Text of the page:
Anna Amalia Library
RESEARCH LIBRARY AND UNESCO WORLD HERITAGE SITE
The Duchess Anna Amalia Library is certainly one of the most sought after attractions. This is not just because the number of visitors per day is limited. With an impressive 1 million volumes, it is considered to be one of the most important libraries both in the Thuringian and in the entire German-speaking area!
Where else can you marvel at the world's largest Faust collection as well as Hebrew and Greek manuscripts, if not here in Weimar? In 1691 the targeted expansion of the library under Duke Wilhelm Ernst of Saxe-Weimar started. The namesake of this imposing collection of books was demonstrably its biggest patron: Duchess Anna Amalia.
In the eighteenth century it made sure that the library moved from the city palace to the present building and that the collections were constantly expanding. And not only that: As one of the few princely libraries, the building was open to the public. Whoever wanted to engage in literature was welcome here.
A small revolution at that time! And still today it is a publicly accessible library for literature and cultural history around 1850. However, the oval, three-storey Rococo hall has already been part of a big headline: 2004 saw a devastating fire, and many of the high value collections were irretrievably destroyed , Despite this, the Weimar Library is still home to extremely valuable books. Even famous people like Schiller, Herder and Wieland once worked with them - and of course Goethe, who was a librarian here for over 35 years.
There are digitized stocks, e.g. the political-satirical weekly "Simplicissimus", which was founded on April 1, 1896 by Albert Langen. The most famous book of the Anna Amalia Library is the Luther Bible from 1534. The 128 woodcuts and initials are from the workshop of the Wittenberg court painter and friend of Lucas Cranach. The year 2008 especially - the year after the reopening - attracted as many people as never before.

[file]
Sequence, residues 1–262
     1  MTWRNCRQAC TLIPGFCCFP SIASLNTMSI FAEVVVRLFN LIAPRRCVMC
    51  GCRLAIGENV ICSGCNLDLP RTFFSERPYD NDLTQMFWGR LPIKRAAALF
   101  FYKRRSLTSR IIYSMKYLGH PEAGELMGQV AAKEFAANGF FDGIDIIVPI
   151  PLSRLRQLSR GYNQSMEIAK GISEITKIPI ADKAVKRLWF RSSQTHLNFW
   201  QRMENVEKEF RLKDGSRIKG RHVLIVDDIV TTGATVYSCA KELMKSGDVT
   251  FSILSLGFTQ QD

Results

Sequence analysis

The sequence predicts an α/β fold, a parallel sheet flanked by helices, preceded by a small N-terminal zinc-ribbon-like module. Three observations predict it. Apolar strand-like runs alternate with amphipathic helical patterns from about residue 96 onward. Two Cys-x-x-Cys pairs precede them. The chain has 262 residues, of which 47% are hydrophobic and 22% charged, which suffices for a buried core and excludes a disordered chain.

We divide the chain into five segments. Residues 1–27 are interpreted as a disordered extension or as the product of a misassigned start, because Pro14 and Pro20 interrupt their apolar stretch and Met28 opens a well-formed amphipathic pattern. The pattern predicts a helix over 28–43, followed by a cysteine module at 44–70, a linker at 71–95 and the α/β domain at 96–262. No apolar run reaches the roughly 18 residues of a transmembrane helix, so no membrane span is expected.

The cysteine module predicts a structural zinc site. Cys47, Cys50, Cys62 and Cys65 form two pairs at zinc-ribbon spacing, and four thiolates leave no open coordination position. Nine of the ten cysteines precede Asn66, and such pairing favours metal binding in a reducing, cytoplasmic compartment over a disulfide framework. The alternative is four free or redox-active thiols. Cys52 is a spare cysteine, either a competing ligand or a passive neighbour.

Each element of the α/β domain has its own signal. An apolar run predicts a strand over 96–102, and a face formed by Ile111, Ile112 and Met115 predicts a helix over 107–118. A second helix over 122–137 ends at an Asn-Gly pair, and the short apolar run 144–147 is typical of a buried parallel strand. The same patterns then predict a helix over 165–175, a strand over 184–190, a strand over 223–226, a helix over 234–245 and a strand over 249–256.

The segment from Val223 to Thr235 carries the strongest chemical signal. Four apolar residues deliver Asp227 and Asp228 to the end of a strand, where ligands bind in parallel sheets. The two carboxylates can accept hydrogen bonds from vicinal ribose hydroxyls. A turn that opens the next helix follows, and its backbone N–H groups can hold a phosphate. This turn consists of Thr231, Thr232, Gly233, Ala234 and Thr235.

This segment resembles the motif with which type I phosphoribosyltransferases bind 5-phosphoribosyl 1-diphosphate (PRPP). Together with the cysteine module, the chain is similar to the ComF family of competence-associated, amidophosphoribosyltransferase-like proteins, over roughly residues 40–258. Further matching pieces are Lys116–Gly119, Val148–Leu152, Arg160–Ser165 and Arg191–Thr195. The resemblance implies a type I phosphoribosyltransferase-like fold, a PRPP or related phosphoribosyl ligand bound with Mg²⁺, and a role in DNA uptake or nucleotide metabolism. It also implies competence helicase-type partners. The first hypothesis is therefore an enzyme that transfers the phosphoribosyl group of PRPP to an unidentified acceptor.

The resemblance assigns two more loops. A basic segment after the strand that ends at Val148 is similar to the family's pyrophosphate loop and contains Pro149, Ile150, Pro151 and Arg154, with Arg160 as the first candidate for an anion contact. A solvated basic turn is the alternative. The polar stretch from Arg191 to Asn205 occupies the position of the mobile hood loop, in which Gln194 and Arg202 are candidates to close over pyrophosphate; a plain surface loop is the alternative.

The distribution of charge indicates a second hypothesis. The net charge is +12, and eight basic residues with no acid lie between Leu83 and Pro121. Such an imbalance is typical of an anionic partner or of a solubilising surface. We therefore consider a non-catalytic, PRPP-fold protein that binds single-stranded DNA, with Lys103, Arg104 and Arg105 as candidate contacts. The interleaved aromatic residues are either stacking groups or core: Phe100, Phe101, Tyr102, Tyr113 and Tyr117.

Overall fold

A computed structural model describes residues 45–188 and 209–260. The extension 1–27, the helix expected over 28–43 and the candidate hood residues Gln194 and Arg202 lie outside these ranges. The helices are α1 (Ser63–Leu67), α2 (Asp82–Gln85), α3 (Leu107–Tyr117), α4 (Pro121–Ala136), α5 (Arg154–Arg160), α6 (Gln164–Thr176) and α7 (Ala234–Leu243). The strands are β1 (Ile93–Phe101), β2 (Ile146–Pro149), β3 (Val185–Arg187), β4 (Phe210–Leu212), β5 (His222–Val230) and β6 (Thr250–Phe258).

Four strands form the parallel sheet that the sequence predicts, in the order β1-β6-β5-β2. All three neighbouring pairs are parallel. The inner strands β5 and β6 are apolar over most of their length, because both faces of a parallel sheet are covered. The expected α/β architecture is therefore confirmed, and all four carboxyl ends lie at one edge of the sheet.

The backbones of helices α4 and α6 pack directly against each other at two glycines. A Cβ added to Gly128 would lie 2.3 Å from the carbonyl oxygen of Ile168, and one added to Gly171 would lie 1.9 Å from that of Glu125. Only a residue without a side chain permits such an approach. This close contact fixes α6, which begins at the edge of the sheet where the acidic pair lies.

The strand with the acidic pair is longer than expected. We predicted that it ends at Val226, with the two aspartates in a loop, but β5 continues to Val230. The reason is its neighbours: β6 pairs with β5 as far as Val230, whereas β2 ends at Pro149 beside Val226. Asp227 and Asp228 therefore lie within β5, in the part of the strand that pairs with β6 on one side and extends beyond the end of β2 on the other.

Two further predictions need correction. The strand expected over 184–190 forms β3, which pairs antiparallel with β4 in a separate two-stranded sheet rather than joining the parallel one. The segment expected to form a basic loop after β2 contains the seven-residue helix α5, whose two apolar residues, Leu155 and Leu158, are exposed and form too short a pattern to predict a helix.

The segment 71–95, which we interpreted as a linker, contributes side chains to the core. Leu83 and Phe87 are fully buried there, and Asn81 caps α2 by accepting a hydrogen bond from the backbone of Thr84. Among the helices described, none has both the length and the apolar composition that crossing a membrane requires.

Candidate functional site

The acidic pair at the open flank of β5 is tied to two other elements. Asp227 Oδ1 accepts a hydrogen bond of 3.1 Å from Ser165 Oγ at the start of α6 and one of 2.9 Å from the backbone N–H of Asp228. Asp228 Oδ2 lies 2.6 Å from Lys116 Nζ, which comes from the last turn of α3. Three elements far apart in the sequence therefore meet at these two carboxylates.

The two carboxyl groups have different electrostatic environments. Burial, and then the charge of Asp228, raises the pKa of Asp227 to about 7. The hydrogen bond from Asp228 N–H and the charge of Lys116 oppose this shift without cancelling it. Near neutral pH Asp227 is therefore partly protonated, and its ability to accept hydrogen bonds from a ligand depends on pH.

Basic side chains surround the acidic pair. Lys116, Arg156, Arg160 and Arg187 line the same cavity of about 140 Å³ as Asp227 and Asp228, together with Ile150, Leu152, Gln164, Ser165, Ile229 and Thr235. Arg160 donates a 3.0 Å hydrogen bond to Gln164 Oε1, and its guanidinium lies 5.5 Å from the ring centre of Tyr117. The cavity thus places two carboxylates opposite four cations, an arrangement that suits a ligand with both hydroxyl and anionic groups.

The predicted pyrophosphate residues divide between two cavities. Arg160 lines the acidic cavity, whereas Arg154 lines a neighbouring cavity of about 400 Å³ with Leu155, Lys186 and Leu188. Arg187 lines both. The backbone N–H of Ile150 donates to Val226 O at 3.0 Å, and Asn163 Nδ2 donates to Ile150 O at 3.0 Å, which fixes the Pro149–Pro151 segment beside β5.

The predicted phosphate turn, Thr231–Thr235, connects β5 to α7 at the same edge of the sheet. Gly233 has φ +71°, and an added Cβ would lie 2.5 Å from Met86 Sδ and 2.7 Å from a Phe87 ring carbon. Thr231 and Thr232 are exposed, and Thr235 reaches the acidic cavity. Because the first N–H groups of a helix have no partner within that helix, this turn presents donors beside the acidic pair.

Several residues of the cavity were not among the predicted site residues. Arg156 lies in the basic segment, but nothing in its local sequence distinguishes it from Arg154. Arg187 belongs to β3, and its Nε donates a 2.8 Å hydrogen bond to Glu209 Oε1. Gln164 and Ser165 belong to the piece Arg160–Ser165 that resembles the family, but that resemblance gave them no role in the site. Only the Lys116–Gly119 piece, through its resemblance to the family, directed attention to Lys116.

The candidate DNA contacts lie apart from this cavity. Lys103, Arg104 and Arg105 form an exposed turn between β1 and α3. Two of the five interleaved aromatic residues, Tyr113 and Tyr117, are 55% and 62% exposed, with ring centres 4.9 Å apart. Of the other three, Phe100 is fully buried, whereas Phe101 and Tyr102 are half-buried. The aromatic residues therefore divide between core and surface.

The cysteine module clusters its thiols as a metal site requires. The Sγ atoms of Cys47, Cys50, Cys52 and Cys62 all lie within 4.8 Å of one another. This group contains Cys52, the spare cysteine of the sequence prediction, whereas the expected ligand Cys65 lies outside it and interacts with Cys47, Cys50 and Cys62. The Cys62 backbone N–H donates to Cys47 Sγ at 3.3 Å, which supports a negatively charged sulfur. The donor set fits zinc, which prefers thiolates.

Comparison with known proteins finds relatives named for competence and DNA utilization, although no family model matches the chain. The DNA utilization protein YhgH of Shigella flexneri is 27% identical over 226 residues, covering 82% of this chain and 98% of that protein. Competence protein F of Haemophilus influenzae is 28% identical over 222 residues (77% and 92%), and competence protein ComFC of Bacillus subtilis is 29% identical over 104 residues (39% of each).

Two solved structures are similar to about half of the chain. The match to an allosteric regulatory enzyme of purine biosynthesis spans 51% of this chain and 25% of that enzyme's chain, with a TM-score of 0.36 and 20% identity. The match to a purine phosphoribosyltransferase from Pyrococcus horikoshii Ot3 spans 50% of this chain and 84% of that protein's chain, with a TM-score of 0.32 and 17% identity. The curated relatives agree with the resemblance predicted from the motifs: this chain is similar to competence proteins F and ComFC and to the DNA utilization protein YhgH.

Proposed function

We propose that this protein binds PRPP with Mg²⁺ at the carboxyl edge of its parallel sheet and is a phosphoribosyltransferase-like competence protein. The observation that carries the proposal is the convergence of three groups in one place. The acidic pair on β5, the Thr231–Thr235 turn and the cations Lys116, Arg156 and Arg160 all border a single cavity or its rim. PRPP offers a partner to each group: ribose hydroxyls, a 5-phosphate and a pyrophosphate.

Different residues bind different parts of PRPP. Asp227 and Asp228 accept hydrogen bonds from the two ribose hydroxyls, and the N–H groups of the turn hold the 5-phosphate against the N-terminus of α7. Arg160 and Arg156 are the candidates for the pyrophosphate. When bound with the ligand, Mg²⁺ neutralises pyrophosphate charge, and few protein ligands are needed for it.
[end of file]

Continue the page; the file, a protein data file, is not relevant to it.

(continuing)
Since 2016, the renaissance hall on the ground floor has a permanent exhibition on the topic of "Restoration after the fire" - books, fragments, models and videos give a good insight into the technical achievements of preserving books from the 15th to the 20th centuries has been possible thanks to many promoters. If you are visiting Thuringia and would like to get to know the cultural history of the city intensively, we recommend visiting other important museums of the Klassik Stiftung Weimar, including Goethe's residence, Schiller's house, the Bauhaus sites and the castle museum.
|single visitors:||Tue - Sun 9.30am -2.30pm|
|registered groups:||Tue - Sun 3pm & 3.30pm|
|ADDRESS||Herzogin Anna Amalia Bibliohek, Platz der Demokratie 1, 99423 Weimar|